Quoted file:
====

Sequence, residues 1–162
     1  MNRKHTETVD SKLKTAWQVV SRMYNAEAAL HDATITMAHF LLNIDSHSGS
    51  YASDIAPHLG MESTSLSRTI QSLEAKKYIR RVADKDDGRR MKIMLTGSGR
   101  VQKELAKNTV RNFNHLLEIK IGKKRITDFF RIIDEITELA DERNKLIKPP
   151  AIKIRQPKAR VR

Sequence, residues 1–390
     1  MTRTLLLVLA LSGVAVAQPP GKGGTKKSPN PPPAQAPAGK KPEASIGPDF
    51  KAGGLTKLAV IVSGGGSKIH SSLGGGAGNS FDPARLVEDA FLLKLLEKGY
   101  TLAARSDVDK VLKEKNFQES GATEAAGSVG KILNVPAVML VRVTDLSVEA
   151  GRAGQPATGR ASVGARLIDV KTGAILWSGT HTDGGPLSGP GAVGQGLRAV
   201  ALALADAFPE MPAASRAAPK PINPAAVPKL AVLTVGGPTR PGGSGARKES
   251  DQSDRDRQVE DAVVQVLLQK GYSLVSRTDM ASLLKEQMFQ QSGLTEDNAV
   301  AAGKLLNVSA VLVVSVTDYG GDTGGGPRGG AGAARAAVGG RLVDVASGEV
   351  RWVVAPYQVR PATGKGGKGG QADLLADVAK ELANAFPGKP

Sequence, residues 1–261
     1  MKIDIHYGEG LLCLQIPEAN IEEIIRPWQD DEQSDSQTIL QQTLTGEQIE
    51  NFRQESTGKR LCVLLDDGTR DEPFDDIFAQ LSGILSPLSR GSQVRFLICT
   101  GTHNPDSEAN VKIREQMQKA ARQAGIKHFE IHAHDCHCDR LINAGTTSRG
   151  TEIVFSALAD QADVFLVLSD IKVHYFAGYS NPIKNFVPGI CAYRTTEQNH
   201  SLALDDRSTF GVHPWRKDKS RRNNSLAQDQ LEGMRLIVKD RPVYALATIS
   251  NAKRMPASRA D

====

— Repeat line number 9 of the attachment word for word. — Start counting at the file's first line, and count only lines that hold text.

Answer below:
   101  TLAARSDVDK VLKEKNFQES GATEAAGSVG KILNVPAVML VRVTDLSVEA